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Can I use this approach efficiently?

using(SqlCommand cmd = new SqlCommand("GetSomething", new SqlConnection(Config.ConnectionString))
{
    cmd.Connection.Open();
    // set up parameters and CommandType to StoredProcedure etc. etc.
    cmd.ExecuteNonQuery();
}

My concern is : Will the Dispose method of the SqlCommand (which is called when exiting the using block) close the underlying SqlConnection object or not?

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After disposing the SqlCommand com, its Connection instance will be unrooted (not used by anything). So Once the GarbageCollector finalizes the SqlConnection instance, Won't the connection be disposed? I think it will be, because connection is referenced by only cmd here. –  Mecek Oct 22 '13 at 21:41
    
Well in that case, @Mecek, the memory will be freed harder since it will go through finalization which will promote it from gen0 to gen1, I guess. –  Andrei Rînea Oct 23 '13 at 13:32

3 Answers 3

up vote 61 down vote accepted

No, Disposing of the Command will not effect the Connection. A better approach would be to also wrap the SqlCommand in a using block as well

using (SqlConnection conn = new SqlConnection(connstring))
{
    conn.Open();
    using (SqlCommand cmd = new SqlCommand(cmdstring, conn))
    {
        cmd.ExecuteNonQuery();
    }
}

Otherwise, the Connection is unchanged by the fact that a Command that was using it was disposed (maybe that is what you want?). But keep in mind, that a Connection should be disposed of as well, and likely more important to dispose of than a command.

EDIT:

I just tested this:

SqlConnection conn = new SqlConnection(connstring);
conn.Open();

using (SqlCommand cmd = new SqlCommand("select field from table where fieldid = 1", conn))
{
    Console.WriteLine(cmd.ExecuteScalar().ToString());
}

using (SqlCommand cmd = new SqlCommand("select field from table where fieldid = 2", conn))
{
    Console.WriteLine(cmd.ExecuteScalar().ToString());
}

conn.Dispose();

The first command was disposed when the using block was exited. The connection was still open and good for the second command.

So, disposing of the command definitely does not dispose of the connection it was using.

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You don't need to open the connection before creating the command right? Make it a little cleaner like this: using (SqlConnection conn = new SqlConnection(connstring)) using (SqlCommand cmd = new SqlCommand(cmdstring, conn)) { conn.Open(); cmd.ExecuteNonQuery(); conn.Close(); } –  John Bubriski May 13 '09 at 12:48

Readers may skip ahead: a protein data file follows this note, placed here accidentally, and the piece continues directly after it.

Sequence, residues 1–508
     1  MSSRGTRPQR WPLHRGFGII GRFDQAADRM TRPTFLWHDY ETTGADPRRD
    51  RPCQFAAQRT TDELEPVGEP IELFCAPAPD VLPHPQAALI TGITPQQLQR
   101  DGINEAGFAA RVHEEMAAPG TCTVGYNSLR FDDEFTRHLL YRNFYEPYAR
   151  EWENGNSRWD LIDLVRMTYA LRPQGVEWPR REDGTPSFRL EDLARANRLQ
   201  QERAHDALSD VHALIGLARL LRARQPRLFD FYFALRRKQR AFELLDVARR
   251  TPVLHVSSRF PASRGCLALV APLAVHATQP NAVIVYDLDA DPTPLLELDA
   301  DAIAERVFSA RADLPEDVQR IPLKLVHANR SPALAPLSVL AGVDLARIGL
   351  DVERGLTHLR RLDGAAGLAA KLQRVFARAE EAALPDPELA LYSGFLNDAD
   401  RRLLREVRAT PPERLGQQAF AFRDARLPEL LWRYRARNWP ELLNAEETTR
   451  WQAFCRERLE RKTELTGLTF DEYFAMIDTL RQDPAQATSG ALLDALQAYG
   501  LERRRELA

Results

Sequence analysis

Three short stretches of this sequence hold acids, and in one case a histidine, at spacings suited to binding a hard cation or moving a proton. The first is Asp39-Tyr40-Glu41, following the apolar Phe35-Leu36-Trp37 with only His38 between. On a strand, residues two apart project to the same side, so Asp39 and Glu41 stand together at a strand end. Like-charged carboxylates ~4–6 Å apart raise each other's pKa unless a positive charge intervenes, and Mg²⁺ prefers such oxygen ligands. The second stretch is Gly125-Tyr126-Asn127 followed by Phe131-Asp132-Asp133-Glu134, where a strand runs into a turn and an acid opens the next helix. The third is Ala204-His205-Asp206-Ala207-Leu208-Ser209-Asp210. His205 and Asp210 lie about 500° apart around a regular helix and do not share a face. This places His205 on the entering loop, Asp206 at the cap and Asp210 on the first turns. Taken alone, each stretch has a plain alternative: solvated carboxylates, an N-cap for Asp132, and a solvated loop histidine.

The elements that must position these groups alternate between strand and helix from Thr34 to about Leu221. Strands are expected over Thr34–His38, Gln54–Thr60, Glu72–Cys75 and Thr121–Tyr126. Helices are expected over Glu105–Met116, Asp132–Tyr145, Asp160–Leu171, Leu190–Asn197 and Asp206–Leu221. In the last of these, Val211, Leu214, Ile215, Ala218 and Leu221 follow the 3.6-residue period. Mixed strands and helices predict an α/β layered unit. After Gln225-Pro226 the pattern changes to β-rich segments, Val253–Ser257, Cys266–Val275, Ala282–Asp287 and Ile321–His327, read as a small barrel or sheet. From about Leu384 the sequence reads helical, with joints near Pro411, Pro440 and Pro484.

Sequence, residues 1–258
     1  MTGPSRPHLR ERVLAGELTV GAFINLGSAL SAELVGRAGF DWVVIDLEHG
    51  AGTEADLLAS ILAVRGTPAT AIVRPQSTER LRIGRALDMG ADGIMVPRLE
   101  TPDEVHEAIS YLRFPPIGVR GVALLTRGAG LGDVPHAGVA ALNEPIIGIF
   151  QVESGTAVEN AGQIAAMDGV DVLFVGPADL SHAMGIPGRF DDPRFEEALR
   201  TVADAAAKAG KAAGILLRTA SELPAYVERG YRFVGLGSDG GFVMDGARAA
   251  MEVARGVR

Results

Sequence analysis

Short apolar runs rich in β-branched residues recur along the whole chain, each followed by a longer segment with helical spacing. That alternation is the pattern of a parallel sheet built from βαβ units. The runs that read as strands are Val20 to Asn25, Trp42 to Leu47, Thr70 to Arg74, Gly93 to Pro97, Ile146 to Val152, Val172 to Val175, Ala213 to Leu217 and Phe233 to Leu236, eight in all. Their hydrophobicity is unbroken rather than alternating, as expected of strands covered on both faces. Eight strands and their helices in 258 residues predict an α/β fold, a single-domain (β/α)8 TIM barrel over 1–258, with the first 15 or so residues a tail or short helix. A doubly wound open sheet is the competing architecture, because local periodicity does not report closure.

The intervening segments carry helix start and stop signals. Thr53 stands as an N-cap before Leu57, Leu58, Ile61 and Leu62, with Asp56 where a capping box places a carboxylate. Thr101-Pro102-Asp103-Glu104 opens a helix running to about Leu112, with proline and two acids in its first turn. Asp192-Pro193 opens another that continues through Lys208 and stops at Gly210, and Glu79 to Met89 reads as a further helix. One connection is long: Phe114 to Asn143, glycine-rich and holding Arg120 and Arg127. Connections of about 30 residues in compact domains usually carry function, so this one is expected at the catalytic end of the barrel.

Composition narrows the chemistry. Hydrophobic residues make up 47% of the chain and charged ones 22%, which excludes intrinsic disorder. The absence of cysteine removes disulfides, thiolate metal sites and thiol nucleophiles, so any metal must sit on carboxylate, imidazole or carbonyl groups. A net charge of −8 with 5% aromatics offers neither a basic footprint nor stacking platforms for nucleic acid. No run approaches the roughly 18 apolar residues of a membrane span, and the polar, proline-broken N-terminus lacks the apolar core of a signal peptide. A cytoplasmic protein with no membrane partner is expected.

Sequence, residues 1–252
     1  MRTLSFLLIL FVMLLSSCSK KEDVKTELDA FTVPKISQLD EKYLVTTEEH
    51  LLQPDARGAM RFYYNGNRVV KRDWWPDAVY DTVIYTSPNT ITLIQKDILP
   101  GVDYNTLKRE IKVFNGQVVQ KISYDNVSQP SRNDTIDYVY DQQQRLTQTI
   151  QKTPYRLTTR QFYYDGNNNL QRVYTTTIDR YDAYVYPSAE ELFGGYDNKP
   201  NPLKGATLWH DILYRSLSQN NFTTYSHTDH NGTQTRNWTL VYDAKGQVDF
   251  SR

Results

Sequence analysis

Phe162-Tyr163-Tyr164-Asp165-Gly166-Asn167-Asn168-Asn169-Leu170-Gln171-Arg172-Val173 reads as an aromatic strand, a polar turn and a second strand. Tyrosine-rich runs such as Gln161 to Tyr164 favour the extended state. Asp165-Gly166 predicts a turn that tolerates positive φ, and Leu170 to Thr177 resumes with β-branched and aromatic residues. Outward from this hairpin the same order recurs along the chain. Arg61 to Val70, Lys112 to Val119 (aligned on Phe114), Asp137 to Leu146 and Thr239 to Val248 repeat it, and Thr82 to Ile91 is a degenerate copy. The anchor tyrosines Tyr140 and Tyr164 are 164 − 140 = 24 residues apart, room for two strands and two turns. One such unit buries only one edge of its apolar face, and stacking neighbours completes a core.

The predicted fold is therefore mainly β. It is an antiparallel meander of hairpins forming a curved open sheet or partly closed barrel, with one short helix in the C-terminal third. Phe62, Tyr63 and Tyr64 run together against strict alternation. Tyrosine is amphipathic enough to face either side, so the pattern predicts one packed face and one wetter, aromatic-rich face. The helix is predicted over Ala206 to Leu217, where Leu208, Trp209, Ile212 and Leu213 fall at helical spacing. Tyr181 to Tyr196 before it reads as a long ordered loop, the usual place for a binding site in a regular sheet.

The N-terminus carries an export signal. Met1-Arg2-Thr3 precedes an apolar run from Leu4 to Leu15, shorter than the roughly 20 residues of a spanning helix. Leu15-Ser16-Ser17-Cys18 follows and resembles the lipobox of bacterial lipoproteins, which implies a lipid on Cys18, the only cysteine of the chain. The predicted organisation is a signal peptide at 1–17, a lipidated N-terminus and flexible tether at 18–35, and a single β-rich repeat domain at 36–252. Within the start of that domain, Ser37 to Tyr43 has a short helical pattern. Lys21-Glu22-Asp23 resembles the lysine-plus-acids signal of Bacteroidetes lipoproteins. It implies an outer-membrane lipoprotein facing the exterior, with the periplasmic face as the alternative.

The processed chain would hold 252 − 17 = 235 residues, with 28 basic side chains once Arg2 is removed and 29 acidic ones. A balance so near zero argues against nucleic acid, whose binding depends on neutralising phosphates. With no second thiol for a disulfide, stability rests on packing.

I guess the formatting doesn't stick... but basically lump the to using statements together and get rid of a level of nesting. (If you want) –  John Bubriski May 13 '09 at 12:48
6  
The point of the example is not to show a simpler syntax, but to demonstrate that both SqlCommands can be used with the same connection and then disposed without disposing of the connection. The connection needs to be opened and then used twice in order to demonstrate this (see original question). –  Ryan Farley May 16 '09 at 17:16

SqlCommand.Dispose will not be sufficient because many SqlCommand(s) can (re)use the same SqlConnection. Center your focus on the SqlConnection.

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I use this pattern. I have this private method somewhere in my app:

private void DisposeCommand(SqlCommand cmd)
{
    try
    {
        if (cmd != null)
        {
            if (cmd.Connection != null)
            {
                cmd.Connection.Close();
                cmd.Connection.Dispose();
            }
            cmd.Dispose();
        }
    }
    catch { } //don't blow up
}

Then I always create SQL commands and connections in a try block (but without being wrapped in a using block) and always have a finally block as:

    finally
    {
        DisposeCommand(cmd);
    }

The connection object being a property of the command object makes a using block awkward in this situation - but this pattern gets the job done without cluttering up your code.

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this assumes that you're only using your connection once for that single command, and therefore you will have to create a new connection and open it, everytime you need to execute a new command. There's a lot of overhead in creating and opening connections. –  Thiago Silva May 18 '11 at 16:49
5  
In my eyes this is ugly code, and would be much cleaner to just use the using-statement that automatically takes care of disposing the command. –  KristianB Sep 18 '12 at 7:34
    
Downvoting - unnecessary and less effective reimplemenation of the 'using' method. –  NickG May 9 '13 at 11:36
    
It’s not only unnecessary code, but also error-prone. 'using' is a better way to bracket use of a resource with its eventual disposal. –  andrewf May 20 at 16:20

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